World Economy

G-20 Confronting Global Weakness

G-20 Confronting Global WeaknessG-20 Confronting Global Weakness

The current head of the Group of 20 wealthy and emerging nations says governments need to do more to jolt the global economy out of the rut it fell into after the 2008 financial crisis.

Turkish Deputy Prime Minister Ali Babacan, who is responsible for his country’s economy, said Thursday the worst may be over but recent economic developments are not yet satisfactory. AP reported.

Speaking ahead of the G-20 meeting in Washington Friday, he said there are bright spots in some countries but growth is weak, imbalanced and uneven.

He said G-20 countries must do more to carry out commitments made last year in Australia to jumpstart growth including investing in infrastructure and boosting trade.

Babacan also said the G-20 needs to involve low income developing countries more in its deliberations.

Finance officials from the world’s major economies are searching for the right mix of policies to bolster a still-weak global recovery nearly six years after the Great Recession while confronting a range of new threats from a soaring US dollar to a big drop in oil prices.

The financial officials from the Group of 20 nations were also expressing concerns about potential market instability once the Federal Reserve starts increasing a key interest rate which has been at a record low near zero since late 2008.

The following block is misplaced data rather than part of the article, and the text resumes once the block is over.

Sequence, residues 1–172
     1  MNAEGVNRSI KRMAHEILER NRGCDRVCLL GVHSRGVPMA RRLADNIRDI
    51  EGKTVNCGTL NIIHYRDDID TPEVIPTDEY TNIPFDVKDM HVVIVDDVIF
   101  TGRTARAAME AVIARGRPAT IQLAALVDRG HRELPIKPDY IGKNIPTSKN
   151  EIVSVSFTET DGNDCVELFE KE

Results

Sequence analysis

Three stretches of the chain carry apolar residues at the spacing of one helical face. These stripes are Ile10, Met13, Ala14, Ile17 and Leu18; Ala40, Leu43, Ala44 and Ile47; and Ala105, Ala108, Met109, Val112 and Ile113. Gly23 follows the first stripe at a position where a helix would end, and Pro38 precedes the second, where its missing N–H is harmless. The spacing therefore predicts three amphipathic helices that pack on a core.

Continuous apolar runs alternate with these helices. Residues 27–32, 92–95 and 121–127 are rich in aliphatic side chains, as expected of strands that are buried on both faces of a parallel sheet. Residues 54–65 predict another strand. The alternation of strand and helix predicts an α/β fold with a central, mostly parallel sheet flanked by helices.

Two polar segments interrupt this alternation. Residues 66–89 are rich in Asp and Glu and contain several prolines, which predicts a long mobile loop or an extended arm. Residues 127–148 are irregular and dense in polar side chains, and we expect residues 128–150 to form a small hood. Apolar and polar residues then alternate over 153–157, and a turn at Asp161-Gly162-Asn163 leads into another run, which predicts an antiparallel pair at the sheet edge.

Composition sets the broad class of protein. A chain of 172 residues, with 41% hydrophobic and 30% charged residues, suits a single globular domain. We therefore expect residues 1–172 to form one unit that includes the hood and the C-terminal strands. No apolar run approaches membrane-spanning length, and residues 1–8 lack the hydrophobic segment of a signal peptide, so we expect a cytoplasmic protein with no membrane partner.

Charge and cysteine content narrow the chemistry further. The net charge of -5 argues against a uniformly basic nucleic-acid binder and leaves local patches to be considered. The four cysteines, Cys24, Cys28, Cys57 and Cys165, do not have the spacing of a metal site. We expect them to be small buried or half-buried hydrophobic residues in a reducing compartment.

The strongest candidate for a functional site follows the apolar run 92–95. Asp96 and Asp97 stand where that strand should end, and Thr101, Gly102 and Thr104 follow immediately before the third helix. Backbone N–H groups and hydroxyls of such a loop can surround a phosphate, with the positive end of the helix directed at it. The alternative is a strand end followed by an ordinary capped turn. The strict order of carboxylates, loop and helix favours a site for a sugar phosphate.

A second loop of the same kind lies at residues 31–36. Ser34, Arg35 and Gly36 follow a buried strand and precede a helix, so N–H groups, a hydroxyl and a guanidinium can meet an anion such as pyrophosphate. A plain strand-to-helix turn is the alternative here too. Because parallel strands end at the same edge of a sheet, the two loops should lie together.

The discussions were being held among finance ministers and central bank presidents of the G-20, composed of traditional economic powers such as the United States, Japan and Germany and emerging countries such as China, India and Brazil.

The G-20 talks were coming in advance of the spring meetings of the 188-nation International Monetary Fund and its sister lending organization, the World Bank.

In addition to concerns about boosting global growth, the finance meetings were also addressing issues including a plea for more help in fighting the Ebola outbreak in the West African nations of Liberia, Guinea and Sierra Leone. The presidents of those three nations were scheduled to meet Friday with World Bank President Jim Yong Kim and UN Secretary-General Ban Ki-moon.

IMF Managing Director Christine Lagarde told reporters Thursday: “The good news is that the global recovery continues. The not-so-good news is that growth remains moderate and uneven.”

She said the goal of this week’s talks was to produce a revamped action plan that will “prevent this new mediocre from becoming the new reality.”

The IMF’s latest economic forecast predicted only modest overall growth and downgraded the prospects for some nations including the United States, forecasting US growth of just 3.1 percent this year, a half-point lower than its January estimate. The reason: IMF economists believe the sharp rise in the value of the dollar will hurt American companies trying to export goods overseas.

In addition to discussions on global growth, the finance officials will be seeking to keep an IMF-supported bailout for Greece on track.